Indoor Dust Bacteria Have Transferrable Antibiotic Resistance Genes, Says Study

The study was published Thursday in the journal PLOS Pathogens

Antibiotic
Health organisations across the world are trying to reduce the use of antibiotics. Pixabay

A study of Northwestern University (NU) found that bacteria living in household dust can spread antibiotic resistance genes, and the researchers believe these genes could potentially spread to pathogens, making infections more difficult to treat.

Bacteria can share many different types of genes as long as the genes have mobile segments of DNA. NU researchers were the first to find that antibiotic resistance genes in dust microbes have mobile capabilities, the Xinhua news agency reported.

“We observed living bacteria have transferable antibiotic resistance genes,” said Erica Hartmann, an assistant professor of environmental engineering in NU’s McCormick School of Engineering.

Although it is rare for pathogens to live in indoor dust, they can hitchhike into homes and mingle with existing bacteria.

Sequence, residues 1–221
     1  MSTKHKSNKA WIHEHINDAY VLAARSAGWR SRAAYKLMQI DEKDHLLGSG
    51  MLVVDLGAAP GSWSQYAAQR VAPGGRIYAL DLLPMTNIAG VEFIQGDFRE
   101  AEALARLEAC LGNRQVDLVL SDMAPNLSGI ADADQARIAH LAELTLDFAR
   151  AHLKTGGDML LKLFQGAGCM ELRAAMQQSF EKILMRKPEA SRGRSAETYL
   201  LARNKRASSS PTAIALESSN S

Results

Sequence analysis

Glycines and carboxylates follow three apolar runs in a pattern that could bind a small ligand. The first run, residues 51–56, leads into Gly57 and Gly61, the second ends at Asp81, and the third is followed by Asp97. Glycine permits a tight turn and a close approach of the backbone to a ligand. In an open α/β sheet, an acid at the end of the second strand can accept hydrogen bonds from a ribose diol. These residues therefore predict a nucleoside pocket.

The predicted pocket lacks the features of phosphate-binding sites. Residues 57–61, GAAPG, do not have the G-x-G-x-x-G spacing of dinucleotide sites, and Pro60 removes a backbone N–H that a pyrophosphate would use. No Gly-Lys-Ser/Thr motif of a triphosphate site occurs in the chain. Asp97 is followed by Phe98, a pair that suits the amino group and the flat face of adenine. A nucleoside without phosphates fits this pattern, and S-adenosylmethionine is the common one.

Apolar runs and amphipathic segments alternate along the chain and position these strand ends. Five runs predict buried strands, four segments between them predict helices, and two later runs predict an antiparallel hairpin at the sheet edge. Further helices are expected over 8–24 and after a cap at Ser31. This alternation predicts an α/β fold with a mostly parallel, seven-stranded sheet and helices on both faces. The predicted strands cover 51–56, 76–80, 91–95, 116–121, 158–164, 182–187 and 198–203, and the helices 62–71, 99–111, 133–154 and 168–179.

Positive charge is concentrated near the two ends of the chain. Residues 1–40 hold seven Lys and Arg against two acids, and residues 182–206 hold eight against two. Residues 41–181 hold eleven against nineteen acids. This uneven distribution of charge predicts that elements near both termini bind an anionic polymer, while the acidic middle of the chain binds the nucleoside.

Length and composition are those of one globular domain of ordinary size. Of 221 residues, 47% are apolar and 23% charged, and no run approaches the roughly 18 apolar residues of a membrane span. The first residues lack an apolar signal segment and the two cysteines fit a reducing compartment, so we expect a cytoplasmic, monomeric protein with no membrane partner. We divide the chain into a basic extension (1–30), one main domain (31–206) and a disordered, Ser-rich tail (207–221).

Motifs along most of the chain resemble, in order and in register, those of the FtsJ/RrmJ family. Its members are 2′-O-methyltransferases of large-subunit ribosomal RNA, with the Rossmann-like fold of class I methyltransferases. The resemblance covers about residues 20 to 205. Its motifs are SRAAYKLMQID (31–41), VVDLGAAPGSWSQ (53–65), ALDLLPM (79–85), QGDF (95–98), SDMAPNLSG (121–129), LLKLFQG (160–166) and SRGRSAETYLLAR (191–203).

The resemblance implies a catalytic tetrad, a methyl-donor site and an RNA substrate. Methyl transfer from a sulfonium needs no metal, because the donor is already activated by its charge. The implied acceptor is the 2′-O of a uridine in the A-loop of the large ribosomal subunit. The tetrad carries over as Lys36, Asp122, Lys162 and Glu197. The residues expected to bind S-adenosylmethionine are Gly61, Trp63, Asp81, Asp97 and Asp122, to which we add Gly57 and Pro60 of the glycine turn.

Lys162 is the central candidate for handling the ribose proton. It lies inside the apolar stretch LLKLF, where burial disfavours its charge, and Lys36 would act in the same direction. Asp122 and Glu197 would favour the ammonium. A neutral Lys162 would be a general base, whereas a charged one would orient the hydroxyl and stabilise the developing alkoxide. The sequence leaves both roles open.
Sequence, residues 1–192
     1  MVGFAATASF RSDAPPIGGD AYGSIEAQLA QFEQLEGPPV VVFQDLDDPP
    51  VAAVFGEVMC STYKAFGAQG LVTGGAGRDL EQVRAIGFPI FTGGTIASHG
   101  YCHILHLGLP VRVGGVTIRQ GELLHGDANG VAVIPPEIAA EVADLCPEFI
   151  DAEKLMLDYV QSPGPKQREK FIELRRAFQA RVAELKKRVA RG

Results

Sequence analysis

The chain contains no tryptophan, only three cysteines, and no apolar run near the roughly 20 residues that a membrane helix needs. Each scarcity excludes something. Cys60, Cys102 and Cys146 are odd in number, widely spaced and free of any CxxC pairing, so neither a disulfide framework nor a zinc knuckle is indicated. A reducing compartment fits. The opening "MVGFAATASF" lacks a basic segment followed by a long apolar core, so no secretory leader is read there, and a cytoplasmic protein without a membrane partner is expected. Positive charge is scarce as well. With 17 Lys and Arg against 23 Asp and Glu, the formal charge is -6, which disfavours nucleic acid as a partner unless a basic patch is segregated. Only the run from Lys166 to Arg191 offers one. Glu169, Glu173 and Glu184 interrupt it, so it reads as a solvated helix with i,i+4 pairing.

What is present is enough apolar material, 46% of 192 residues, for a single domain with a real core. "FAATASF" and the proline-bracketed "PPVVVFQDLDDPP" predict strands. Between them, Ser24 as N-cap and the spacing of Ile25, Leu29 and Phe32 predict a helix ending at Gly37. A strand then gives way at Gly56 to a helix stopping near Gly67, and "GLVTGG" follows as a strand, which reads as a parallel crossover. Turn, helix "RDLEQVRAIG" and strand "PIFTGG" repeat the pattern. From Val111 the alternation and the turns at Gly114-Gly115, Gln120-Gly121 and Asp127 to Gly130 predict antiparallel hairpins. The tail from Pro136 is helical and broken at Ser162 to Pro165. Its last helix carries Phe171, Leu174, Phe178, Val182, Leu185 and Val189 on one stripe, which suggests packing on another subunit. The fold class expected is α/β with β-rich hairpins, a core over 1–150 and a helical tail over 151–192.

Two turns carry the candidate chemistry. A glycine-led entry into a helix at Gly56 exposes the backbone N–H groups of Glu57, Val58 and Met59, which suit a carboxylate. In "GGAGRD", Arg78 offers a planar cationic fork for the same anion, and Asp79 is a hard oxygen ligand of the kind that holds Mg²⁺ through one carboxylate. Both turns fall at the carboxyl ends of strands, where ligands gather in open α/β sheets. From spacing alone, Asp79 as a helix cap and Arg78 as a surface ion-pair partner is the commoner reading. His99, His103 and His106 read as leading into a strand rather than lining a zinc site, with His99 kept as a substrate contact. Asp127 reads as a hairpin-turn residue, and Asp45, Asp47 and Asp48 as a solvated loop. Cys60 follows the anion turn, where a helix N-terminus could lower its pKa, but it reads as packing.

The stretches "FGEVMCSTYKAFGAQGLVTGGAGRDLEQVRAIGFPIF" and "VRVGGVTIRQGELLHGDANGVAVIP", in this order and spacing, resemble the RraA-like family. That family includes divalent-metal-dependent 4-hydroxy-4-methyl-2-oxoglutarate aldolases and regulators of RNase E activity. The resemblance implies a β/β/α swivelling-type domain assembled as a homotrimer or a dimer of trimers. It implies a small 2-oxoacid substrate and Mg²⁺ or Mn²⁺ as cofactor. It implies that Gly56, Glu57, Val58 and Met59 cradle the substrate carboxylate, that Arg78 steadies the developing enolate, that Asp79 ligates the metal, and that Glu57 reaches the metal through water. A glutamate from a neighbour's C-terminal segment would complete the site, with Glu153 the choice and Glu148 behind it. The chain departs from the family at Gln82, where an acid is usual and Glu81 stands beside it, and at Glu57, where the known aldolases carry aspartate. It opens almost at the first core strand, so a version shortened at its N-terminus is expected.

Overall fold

track objects
This digitally colorized microscope image provided by the National Institute of Allergy and Infectious Diseases (NIAID) shows Staphylococcus aureus bacteria in yellow. Bacteria are part of the collection of microorganisms that tell scientists where an object has been. VOA

“A nonpathogen can use horizontal gene transfer to give antibiotic resistance genes to a pathogen,” Hartmann explained. “Then the pathogen becomes antibiotic resistant.”

“Microbes share genes when they get stressed out,” Hartmann said. “They aren’t equipped to handle the stress, so they share genetic elements with a microbe that might be better equipped.”

Also Read: Air Pollution Associated with More Severe Rhinitis Symptoms: Researchers

Hartmann recommends dusting with a damp cloth instead of using antimicrobial solutions, which can make bacteria more resistant to antibiotics.

The study was published Thursday in the journal PLOS Pathogens. (IANS)

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